# Functions in set theory of math

A relation f from a set A to a set B is said to be a function if every element of set A has one and only one image in set B

In other words, a function f is a relation from a non-empty set A to a non-empty set B such that the domain of f is A and no two distinct ordered pairs in f have the same first element

If f is a function from A to B and (a, b) ∈ f, then f (a) = b, where b is called the image of a under f and a is called the preimage of b under f.

The function f from A to B is denoted by f: A → B

Example Let N be the set of natural numbers and the relation R be defined on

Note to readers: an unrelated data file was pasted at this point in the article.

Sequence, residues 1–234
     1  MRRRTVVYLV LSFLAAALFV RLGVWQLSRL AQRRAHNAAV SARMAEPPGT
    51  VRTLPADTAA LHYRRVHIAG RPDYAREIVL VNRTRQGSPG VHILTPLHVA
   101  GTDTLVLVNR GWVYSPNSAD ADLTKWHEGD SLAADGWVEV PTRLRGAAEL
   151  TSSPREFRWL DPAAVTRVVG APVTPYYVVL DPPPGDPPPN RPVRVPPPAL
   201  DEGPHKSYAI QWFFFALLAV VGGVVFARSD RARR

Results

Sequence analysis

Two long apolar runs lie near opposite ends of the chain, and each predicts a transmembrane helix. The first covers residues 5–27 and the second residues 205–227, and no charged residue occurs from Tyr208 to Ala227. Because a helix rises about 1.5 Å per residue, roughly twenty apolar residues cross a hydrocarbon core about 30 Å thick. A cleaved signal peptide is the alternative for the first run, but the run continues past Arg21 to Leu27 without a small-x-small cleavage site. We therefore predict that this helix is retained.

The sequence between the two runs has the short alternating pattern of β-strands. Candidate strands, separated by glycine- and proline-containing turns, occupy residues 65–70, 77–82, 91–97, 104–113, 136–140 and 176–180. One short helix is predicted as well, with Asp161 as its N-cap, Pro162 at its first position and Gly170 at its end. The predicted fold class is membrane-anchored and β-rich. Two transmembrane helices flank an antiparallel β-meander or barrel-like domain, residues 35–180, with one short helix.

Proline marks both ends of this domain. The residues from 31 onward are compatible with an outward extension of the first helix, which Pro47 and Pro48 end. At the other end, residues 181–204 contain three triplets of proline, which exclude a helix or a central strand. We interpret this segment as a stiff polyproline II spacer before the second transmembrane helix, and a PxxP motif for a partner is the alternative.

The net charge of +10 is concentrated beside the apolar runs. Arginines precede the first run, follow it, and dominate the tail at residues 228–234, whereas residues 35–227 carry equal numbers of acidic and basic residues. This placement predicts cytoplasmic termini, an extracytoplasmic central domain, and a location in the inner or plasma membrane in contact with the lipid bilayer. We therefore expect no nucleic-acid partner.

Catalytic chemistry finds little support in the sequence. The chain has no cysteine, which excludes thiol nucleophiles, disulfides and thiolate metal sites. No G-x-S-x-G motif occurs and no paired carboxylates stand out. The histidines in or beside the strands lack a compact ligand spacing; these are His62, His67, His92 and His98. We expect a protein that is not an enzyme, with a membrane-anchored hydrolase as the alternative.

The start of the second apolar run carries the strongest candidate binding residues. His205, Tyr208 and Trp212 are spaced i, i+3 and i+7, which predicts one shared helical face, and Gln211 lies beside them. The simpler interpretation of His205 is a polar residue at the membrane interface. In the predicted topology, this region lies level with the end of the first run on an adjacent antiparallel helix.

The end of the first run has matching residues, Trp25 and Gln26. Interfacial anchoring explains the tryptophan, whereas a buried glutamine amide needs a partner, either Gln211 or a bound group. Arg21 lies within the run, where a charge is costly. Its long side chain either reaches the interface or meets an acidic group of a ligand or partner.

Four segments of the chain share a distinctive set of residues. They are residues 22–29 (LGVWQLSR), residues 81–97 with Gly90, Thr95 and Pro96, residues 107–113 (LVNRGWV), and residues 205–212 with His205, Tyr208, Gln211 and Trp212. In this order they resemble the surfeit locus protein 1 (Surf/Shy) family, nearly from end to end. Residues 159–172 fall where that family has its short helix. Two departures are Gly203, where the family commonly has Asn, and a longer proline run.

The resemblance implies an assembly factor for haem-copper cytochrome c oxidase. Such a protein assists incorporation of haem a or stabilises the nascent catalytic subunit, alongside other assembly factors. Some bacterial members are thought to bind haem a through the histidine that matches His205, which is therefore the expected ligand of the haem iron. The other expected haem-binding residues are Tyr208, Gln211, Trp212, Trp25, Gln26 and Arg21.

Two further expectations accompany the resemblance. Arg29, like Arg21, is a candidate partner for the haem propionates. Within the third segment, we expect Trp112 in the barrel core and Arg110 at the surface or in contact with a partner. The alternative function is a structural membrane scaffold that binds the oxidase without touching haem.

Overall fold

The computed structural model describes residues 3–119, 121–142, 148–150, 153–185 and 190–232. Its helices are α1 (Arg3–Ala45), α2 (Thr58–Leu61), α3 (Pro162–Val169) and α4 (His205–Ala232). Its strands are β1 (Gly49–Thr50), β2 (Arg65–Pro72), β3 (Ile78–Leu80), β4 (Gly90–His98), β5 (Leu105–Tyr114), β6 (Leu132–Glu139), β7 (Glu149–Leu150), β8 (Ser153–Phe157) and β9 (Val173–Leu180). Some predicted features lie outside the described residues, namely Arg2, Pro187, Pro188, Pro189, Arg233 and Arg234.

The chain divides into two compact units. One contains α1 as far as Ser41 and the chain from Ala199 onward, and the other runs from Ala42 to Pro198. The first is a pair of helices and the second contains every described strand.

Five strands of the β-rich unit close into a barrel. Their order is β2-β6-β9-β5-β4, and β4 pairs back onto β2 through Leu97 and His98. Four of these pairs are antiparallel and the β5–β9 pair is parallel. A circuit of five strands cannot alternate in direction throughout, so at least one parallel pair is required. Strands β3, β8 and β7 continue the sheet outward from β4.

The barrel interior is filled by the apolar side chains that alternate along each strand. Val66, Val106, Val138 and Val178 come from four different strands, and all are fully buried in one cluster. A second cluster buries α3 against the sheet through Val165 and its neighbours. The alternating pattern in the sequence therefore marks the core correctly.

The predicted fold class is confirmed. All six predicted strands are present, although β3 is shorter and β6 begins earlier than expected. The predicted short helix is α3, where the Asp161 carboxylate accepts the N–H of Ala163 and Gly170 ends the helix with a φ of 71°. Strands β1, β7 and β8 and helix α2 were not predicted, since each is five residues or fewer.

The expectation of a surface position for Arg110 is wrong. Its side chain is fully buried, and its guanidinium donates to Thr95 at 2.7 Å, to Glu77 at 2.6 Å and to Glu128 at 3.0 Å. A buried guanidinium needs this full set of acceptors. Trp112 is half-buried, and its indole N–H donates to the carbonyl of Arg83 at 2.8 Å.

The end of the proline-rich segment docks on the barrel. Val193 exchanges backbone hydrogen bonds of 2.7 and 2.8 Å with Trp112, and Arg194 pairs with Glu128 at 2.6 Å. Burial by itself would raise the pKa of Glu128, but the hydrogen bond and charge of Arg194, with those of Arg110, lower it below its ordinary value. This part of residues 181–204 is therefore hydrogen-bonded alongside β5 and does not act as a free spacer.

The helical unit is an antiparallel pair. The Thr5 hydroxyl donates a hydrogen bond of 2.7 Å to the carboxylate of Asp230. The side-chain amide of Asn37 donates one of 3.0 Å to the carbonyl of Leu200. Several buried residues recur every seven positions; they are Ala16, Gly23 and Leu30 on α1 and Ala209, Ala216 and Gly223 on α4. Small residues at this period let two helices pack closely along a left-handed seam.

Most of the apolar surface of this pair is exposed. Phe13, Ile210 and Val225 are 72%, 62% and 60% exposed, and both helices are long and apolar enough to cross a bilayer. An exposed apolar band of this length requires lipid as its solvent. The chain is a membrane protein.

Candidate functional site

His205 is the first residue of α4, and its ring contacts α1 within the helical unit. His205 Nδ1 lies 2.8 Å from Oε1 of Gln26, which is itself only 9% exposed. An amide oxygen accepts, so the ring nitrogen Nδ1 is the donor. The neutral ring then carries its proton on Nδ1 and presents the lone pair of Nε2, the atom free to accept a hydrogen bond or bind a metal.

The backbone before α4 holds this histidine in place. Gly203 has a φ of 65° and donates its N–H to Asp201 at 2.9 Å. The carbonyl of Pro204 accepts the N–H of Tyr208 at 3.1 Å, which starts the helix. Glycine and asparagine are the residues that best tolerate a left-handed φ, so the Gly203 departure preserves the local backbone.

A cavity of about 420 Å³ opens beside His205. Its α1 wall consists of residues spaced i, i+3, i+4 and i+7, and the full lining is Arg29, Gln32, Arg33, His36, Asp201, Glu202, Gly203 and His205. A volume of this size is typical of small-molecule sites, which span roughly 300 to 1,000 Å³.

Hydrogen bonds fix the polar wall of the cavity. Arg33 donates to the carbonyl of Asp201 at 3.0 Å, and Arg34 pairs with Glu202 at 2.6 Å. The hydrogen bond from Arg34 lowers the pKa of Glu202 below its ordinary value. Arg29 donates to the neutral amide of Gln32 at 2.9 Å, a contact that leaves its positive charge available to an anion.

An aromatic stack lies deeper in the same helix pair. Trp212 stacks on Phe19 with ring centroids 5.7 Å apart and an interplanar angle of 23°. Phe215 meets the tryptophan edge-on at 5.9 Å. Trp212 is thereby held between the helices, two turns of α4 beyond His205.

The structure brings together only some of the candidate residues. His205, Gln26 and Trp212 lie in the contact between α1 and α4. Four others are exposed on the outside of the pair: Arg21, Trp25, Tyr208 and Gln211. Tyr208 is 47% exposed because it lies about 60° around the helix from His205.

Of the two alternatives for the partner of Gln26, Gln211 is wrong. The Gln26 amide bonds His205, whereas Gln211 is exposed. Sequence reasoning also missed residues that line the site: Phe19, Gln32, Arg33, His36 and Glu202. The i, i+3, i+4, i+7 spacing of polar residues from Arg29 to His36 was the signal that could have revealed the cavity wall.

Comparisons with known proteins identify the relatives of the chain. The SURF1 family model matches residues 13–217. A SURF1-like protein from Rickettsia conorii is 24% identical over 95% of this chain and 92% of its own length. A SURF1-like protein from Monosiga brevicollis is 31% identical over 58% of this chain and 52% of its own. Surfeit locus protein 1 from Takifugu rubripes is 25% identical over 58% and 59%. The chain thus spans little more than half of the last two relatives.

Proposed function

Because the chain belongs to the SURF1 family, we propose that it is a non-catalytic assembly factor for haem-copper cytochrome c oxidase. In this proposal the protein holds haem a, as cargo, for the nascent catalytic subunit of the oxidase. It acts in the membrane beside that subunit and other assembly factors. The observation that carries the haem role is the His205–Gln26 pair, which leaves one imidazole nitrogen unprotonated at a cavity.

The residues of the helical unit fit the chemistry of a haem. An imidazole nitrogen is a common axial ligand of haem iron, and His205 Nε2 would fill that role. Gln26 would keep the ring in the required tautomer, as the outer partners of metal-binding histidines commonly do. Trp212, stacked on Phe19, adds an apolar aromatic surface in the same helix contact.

N such that R = {(x, y) : y = 2x, x, y ∈ N}.
What is the domain, codomain and range of R? Is this relation a function?

Solution The domain of R is the set of natural numbers N. The codomain is also N.
The range is the set of even natural numbers.
Since every natural number n has one and only one image, this relation is a
function

Example Examine each of the following relations given below and state in each
case, giving reasons whether it is a function or not?
(i) R = {(2,1),(3,1), (4,2)}, (ii) R = {(2,2),(2,4),(3,3), (4,4)}
(iii) R = {(1,2),(2,3),(3,4), (4,5), (5,6), (6,7)}

Solution (i) Since 2, 3, 4 are the elements of domain of R having their unique images,
this relation R is a function.
(ii) Since the same first element 2 corresponds to two different images 2
and 4, this relation is not a function.
(iii) Since every element has one and only one image, this relation is a
function